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RE: Utility of Scavenger vs. Predator Argument



In certain Instances, Yes. I refer you to Gonyea, W. J. 1976. Adaptive
Differences In The Body Proportions Of Large Felids. Acta Anat.96:81-96.
and Gonyea, W. and R. Ashworth. 1975. The Form And Function Of Retractile
Claws In The Felidae And Other Representitive Carnivorans. J.
Morphol.145:229-238.Big cats can pull down animals up to 5X their own
weight ( i.e., Tiger vs Gaur bull ).

Steve

Stephen Faust                   smfaust@edisto.cofc.edu

On Thu, 19 Feb 1998, John P. Poynter wrote:

> Well OK, but do predators actually kill prey many times larger than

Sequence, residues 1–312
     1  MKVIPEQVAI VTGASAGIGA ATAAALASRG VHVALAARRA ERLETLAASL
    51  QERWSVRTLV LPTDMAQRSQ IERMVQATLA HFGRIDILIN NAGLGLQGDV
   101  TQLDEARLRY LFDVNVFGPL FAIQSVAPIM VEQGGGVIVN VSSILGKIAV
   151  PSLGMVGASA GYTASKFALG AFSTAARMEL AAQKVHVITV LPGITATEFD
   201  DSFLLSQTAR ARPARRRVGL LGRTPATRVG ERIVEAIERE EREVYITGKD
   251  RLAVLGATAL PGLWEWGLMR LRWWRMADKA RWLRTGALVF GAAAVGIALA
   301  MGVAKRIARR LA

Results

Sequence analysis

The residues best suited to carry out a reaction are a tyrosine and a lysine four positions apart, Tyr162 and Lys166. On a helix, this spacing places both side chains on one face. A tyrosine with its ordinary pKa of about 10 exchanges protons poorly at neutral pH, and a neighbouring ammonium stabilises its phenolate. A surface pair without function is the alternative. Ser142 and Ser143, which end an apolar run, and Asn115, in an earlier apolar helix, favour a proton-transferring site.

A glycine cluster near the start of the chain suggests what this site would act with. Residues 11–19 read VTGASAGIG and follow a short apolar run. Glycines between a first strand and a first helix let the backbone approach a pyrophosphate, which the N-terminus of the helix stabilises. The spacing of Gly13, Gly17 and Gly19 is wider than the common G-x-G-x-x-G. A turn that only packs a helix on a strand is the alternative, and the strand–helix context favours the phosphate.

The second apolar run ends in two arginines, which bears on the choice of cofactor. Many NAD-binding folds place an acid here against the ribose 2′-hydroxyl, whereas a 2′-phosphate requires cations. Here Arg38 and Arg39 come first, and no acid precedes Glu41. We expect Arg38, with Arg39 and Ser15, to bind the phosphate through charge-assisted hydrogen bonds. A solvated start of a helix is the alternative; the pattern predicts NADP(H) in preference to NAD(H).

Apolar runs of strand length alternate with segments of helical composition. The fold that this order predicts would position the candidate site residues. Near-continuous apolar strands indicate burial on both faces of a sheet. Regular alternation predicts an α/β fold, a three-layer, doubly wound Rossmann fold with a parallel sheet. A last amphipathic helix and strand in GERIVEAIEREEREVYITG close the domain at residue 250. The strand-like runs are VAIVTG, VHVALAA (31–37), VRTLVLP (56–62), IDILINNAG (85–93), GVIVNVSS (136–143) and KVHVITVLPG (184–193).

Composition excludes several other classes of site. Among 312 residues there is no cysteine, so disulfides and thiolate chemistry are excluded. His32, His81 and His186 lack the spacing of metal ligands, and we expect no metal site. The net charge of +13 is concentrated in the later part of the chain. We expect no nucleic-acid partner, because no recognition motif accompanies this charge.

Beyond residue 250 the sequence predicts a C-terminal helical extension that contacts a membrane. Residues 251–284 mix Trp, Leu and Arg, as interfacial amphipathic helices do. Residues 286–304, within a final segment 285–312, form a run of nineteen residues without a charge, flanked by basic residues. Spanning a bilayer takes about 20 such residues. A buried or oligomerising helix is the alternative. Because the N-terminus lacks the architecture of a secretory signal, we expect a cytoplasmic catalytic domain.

> themselves?  For instance, does a lion pride go after the big bull elephant 
> or do they go after the more manageable elephant calf?
> 
> Jack
> 
> -----Original Message-----
> From: Toby White [SMTP:augwhite@neosoft.com]
> Sent: Wednesday, February 18, 1998 09:14 AM
> To:   JohnPPoynter@msn.com
> Cc:   dinosaur@usc.edu
> Subject:      RE: Utility of Scavenger vs. Predator Argument
> 
> [John P. Poynter]  Toby White said:  What are the implications when one 
> kill of a major
> herbivore is a lot more than the hunter could possibly eat?  Does that 
> imply
> that they hunted in groups to make more efficient use of the kill?  Did it
> mean that there was a regular sequence of scavenging among different
> predators regarding the same kill?  Imagine if the only food items 
> available
> were 1 kilo hamburgers which were very expensive.to take?
> 
> 
>